Five months ago, Maryland Attorney General Stephen Sachs recruited a third-year law student and lieutenant commander at the Naval Academy to infiltrate the office of Anne Arundel County Public Defender T. Joseph Touhey, who Sachs believed was misusing his office.
The infiltrator, Steven Vanderbosch, posed as a volunteer law clerk there for several weeks, quietly gathering information on Touhey and reporting back to the attorney general's office. On April 23, state troopers marched into Touhey's office and hauled off 10 boxes of records and three file cabinets full of documents that were presented to a grand jury.
As the grand jury deliberated for several months, Touhey maintained his innocence, his bosses and many local attorneys criticized Sachs for using what one called "a sniveling spy," and the attorney general himself kept quiet.
This afternoon, in a brief statement, Sachs broke that silence. He announced that the grand jury had ended its investigation and that his office had dropped its quest for a criminal indictment against Touhey.
Instead, Sachs said, his office had filed a civil suit here seeking to recover $63,622 in damages from Touhey, who, the suit alleged, misused his office secretary. According to the suit, Touhey often used his secretary to process paperwork from his private practice and paid her with state funds from his job as the county's defender of the poor.
The surprise ending to the unusual case triggered a flurry of counter-charges from Touhey and his boss, Maryland Public Defender Alan R. Murrell, both of whom strongly criticized Sachs' probe from the start. Touhey called the civil suit "a piece of trash."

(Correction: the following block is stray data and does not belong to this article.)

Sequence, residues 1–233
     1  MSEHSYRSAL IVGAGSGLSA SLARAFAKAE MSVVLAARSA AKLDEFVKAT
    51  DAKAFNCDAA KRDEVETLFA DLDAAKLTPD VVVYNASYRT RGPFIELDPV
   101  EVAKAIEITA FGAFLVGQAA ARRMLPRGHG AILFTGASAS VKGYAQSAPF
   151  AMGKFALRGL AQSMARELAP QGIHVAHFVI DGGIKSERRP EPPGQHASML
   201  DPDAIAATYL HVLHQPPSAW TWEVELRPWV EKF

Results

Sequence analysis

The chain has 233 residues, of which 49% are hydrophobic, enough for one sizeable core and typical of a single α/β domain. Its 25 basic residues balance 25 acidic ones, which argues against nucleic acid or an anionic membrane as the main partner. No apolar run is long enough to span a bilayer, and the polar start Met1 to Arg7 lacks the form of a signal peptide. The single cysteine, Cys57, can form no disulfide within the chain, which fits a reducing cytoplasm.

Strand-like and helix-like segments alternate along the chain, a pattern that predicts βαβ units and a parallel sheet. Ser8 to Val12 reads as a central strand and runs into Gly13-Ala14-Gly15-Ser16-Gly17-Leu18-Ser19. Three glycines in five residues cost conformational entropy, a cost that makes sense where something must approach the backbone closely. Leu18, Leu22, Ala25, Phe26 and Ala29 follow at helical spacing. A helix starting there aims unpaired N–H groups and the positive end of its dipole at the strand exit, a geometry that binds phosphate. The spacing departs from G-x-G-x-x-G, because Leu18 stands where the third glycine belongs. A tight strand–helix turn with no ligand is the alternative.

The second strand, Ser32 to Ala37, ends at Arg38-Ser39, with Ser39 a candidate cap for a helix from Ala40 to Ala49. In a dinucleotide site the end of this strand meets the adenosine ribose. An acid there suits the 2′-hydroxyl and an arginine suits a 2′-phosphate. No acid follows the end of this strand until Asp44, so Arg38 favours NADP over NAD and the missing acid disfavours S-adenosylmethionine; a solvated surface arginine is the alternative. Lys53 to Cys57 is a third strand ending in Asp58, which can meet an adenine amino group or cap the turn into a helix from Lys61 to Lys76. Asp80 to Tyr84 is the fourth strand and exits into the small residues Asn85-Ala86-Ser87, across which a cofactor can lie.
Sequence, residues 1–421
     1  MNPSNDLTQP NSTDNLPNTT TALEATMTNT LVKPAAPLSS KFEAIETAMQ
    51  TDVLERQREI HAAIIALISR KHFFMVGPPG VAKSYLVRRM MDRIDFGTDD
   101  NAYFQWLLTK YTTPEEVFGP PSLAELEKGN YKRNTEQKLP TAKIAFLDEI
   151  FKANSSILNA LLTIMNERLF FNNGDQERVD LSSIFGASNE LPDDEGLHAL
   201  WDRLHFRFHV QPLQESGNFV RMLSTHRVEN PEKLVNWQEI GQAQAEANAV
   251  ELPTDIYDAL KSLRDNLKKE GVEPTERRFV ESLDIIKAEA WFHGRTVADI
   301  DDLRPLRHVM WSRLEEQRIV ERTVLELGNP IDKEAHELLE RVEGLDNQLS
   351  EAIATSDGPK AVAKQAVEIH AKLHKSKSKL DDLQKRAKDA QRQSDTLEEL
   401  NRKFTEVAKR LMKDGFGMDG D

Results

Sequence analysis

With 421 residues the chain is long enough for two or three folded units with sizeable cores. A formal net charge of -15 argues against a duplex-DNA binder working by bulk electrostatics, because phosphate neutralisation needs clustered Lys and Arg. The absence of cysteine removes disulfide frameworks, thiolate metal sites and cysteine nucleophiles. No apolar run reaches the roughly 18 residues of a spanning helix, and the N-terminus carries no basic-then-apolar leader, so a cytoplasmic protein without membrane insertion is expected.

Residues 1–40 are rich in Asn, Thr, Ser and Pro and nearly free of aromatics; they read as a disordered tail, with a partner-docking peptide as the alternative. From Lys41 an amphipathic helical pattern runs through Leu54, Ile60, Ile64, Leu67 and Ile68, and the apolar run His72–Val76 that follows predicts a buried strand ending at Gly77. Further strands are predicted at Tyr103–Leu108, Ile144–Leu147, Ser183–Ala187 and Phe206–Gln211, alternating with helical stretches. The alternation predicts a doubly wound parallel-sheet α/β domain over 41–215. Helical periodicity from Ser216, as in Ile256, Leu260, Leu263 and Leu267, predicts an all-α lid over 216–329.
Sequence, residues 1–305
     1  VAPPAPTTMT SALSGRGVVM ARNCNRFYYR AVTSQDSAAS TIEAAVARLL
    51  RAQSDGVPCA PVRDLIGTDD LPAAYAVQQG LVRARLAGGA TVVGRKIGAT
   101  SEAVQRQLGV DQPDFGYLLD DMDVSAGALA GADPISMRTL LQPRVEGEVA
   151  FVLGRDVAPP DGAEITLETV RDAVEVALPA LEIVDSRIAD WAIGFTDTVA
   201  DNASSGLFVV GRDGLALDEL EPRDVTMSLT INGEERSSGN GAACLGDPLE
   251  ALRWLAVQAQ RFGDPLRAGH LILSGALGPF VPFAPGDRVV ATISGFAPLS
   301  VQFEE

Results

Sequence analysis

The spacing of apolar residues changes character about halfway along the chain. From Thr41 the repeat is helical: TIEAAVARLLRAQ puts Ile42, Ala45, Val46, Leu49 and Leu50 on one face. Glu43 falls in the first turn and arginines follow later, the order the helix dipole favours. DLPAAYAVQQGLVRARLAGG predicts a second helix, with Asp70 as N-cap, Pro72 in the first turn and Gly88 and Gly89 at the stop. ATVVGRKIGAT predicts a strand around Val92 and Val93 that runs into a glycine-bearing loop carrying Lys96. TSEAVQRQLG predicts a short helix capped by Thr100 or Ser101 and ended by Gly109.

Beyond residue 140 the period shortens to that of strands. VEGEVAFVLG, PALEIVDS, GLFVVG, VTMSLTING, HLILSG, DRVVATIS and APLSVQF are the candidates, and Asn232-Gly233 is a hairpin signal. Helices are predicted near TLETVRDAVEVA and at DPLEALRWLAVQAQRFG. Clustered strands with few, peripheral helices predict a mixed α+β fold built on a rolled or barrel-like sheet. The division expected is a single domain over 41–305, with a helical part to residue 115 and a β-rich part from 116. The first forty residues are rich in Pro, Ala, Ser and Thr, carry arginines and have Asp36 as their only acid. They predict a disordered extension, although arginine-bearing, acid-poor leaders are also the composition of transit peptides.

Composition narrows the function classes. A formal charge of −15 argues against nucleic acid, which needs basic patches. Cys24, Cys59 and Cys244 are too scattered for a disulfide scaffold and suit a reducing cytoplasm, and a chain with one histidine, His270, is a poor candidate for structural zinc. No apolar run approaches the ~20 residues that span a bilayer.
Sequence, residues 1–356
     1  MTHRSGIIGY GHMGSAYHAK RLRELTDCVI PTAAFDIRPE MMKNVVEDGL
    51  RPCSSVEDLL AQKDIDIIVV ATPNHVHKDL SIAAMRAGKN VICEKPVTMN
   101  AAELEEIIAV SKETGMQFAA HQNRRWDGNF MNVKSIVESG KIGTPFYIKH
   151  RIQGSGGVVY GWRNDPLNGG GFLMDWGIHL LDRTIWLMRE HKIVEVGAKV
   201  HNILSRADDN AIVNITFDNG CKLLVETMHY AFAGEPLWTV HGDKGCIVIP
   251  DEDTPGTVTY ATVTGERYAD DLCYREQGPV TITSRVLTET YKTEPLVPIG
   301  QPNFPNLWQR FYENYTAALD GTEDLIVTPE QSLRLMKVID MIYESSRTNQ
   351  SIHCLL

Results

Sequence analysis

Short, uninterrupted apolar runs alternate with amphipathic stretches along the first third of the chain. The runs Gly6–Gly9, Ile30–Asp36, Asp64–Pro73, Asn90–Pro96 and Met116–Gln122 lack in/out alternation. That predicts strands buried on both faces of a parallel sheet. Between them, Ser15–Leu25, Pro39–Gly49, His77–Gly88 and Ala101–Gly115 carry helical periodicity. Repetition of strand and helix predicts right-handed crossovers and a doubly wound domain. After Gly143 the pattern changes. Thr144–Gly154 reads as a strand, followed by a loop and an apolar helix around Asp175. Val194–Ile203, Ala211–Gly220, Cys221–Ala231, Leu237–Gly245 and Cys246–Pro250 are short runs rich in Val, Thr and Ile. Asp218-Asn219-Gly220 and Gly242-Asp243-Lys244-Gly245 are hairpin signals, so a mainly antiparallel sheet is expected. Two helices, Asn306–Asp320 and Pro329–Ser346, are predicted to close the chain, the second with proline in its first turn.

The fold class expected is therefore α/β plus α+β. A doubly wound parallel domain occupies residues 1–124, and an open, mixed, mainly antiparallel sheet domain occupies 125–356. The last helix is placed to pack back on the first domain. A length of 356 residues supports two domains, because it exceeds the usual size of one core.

"Actually, I love it," said Touhey, who had taken a leave of absence since the grand jury investigation began. "It finally gives me a forum from which I can clear my reputation. They've definitely bitten off more than they can handle this time."
The civil suit against Touhey charges that his secretary, Linda Campbell, spent 90 percent of her time working for his private practice rather than his public office.
Touhey and his boss, Murrell, do not deny that Campbell served Tohey in both capacities. But they note that the public defender is allowed to conduct a private practice and that in Touhey's case he paid Campbell with separate paychecks for the different jobs.
"She received two paychecks," said Murrell. "One from the state and one from Touhey. If they had only bothered checking, they would have found that."
But of far more interest in the legal quarters here and around the state than the question of how Cmapbell was paid is the question of how the attorney general's office went after Touhey.
Murrell called the 31-year-old Vanderbosch a "sniveling spy" and said he was shocked that Sachs would use an infiltrator for such a case. Three of Touhey's assistants in the public defender's office resigned in protest after the state troopers marched off with the office documents.
Even Anne Arundel County State's Attorney Warren B. Duckett Jr., Touhey's legal adversary in criminal cases, was critical of Sachs' use of a "plant" to gain information on Touhey.